Today, Cloudflare, an Internet security and content delivery company, filed its S-1 as expected. The company joins WeWork in a dash to become public companies while the global equity markets are still richly-valued.
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The company’s S-1 filing details a healthy company, with revenue growing from $87.1 million in the first half of 2018 to $129.2 million in the first half of 2019. That growth, combined with a net loss that scooted up a slim $4 million. The company’s net loss rose from $32.5 million in the first half of 2018 to $36.8 million in the corresponding period this year, making Cloudflare a company that we can both understand and explain.
History, And In-Practice
According to Crunchbase, San Francisco-based Cloudflare has raised $332.1 million in known capital since it was founded in 2009. Its last known financing was a $150 million Series E that was announced in March at a pre-money valuation of $3.1 billion. Franklin Templeton Investments led that round.
Other known investors who would benefit from a successful public exit include New Enterprise Associates (NEA) and Union Square Ventures, among others. We originally reported on the possibility of Cloudflare going public on July 31 and at the time, wrote that it intended to float this September, according to Business Insider.
Back then, we detailed Cloudfare’s business for you all:
“Cloudflare is best known for its CDN, or content delivery network; the company’s services help speed Internet content to consumers around the world, helping the patchwork quilt that we call the web function with minimal delays.
Cloudflare’s business is part of the furniture to a degree. It’s also something critically important to how well online video works, for example. Which makes its debut interesting and somewhat exciting. Here’s part of the Internet’s backbone, going public.”
Got all that? Let’s get into the money.
As noted before, the company’s H1 2019 revenue grew from $87.1 million in the year-ago period to $129.2 million. That’s growth of 48.3 percent, year over year. That pace of growth compares favorably to the company’s full-year 2018 performance, when its revenue grew from $134.9 million to $192.7 million, a gain of 42.8 percent.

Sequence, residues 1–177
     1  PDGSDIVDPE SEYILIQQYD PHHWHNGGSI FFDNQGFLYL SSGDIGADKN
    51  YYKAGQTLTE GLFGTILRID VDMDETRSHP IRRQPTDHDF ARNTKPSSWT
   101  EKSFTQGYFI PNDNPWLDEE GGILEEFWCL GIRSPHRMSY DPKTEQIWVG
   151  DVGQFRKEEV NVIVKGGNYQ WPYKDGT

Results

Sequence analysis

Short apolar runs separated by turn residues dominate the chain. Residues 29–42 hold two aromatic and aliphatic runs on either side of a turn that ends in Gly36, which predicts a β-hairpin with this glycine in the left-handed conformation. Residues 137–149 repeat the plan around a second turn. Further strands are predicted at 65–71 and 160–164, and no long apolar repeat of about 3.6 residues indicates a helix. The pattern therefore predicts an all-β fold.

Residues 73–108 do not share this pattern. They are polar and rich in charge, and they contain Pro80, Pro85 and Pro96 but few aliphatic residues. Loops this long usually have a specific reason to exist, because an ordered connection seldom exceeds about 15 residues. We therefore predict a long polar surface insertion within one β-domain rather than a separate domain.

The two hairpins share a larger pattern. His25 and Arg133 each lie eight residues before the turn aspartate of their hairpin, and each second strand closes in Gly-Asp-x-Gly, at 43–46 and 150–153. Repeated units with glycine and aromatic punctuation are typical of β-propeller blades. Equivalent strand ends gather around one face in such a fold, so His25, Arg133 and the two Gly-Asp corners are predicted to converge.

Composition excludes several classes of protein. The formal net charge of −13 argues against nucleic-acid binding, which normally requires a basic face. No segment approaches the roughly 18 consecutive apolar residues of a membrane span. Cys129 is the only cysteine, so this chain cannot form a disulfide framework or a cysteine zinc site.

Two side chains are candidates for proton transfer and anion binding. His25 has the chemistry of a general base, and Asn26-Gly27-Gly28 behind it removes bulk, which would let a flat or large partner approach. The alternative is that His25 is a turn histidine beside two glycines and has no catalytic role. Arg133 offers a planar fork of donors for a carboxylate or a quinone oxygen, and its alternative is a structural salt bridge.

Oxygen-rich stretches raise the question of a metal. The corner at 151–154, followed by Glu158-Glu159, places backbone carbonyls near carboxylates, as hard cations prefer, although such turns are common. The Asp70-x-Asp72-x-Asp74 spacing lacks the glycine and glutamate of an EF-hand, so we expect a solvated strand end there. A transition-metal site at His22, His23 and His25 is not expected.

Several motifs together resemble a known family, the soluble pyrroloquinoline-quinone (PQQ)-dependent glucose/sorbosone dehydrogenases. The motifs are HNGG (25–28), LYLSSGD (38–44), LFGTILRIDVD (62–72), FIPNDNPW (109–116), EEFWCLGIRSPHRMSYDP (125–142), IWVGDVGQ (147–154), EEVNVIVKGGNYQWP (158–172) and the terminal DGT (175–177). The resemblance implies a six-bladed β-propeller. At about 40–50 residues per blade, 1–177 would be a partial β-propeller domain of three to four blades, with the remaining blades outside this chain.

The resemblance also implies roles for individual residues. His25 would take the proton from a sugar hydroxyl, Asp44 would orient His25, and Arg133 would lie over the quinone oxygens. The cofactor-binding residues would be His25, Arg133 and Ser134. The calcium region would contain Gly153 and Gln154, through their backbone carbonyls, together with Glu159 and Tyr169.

Cloudflare’s accelerating growth rate is heartening for the firm, but it does come at the cost of slightly worse profitability in gross terms. The firm’s net loss grew from $32.5 million in H1 2018 to $36.8 million in the first two quarters of 2019. While its net loss did widen, the firm’s operating cash burn fell during the two periods from $17.1 million to $12.6 million, another sign of health.
The company is, therefore, managing toothsome growth with net losses that are shrinking in percent-of-revenue terms, while it consumes less cash. Its investors must find that particular cocktail encouraging.
And Cloudflare doesn’t have to go public. With over $124 million in cash on hand at the end of Q2 2019. So, it can afford to self-fund for years. But, with the public markets until recently at record highs, it isn’t a huge surprise that the company wants to go public now. Why not get out while the getting is still good?
A final note for fans of recurring revenue. According to Cloudflare, its “dollar-based net retention rate” bounces between 110 percent and 115 percent, depending on the quarter. Built-in growth of that sort is key to a modern software services company’s ability to expand while keeping a lid on costs.1
According to its S-1, Cloudflare plans to list its shares on the New York Stock Exchange under the symbol “NET.” Underwriters include Goldman Sachs, Morgan Stanley, Wells Fargo Securities, RBC Capital Markets and JMP Securities, among others.
The company’s S-1 has a placeholder $100 million figure in place regarding the size of the deal. Expect more on that front when we get the company’s initial pricing interval.
Illustration: Li-Anne Dias.
Here’s how Cloudflare calculates the metric: “To calculate dollar-based net retention for a period, we compare the Annualized Billings from paid customers 12 months prior to the Annualized Billings from the same set of customers in the last month of the current period. Our dollar-based net retention includes any expansion and is net of contraction and attrition, but excludes Annualized Billings from new customers in the current period. Our dollar-based net retention excludes the benefit of free customers which upgrade to a paid subscription between the prior and current periods, even though this is an important source of incremental growth.”↩